After Failure Of I-1631, Work Progresses On Clean Fuel Standard
It may seem like nothing is happening to reduce greenhouse gas emissions in Washington state, especially after the failure of the carbon-fee measure, Initiative 1631. But work is progressing on a regional "clean fuel standard."
The focus follows a goal announced by the Puget Sound Clean Air Agency to reduce climate pollution by 50 percent below 1990 levels, by the year 2030. Transportation emissions contribute more greenhouse gas pollution than anything else in Washington state.
So, when the agency began looking at ways to reach that goal, it quickly zeroed in on the clean fuel standard. It requires fuel providers to reduce the amount of carbon pollution in their fuels. California, Oregon and British Columbia all have versions of this policy. Craig Kenworthy, the agency's executive director, says they started working on a regional rule about two years ago.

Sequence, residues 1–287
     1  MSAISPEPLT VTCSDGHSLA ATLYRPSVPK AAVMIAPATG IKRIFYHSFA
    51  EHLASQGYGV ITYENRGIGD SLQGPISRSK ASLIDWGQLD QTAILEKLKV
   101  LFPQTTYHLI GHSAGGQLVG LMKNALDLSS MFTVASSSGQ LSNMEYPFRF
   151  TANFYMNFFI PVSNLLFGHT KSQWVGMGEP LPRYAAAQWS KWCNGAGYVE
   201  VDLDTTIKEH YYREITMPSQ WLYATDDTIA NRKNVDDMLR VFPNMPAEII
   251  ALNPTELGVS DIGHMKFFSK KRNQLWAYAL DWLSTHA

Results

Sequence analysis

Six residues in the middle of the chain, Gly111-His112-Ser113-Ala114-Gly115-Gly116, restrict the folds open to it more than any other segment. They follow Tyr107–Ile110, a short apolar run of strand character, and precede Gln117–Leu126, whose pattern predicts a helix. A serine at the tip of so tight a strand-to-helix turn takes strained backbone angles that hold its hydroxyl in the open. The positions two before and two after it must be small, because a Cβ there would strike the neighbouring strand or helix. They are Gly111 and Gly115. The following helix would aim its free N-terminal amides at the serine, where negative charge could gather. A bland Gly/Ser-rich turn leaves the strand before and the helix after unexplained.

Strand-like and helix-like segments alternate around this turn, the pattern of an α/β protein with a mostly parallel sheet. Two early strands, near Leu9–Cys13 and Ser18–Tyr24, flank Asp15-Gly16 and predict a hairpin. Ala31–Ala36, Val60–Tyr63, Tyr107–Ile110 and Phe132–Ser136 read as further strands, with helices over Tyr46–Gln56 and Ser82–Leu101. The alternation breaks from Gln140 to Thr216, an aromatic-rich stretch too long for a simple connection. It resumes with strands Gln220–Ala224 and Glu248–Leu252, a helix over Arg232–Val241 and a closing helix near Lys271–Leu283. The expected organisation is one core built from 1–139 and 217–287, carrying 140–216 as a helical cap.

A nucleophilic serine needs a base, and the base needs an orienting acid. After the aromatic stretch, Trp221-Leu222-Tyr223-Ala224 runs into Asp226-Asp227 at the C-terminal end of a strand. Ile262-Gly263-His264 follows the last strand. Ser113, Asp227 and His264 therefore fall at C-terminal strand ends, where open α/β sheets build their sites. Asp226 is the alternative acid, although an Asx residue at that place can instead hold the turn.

"And the benefit of the program is you set the target and tell everyone you've got to hit this target, but you let the market and innovation figure out how to get to that, or how to achieve that target,” he said.
Kenworthy says the PSCAA board is looking to Oregon as a model as they explore policy design, because Washington’s southern neighbor is about the same size as the four Puget Sound counties the agency covers.
The agency is exploring its regional policy at the same time that the Legislature is expected to resume work on a statewide rule. But until now, there has not been enough support to advance one.
“We’ll be actively supporting the Legislature doing this at the state level," Kenworthy said. "It’s just that that hasn’t happened yet. And we have direction from (our) board to continue working on regional strategies, in the absence of significant state policy."
Kenworthy added that the strength of the policy is that it provides certainty of emission reductions, paired with flexibility for how to reach the targets, encouraging innovation.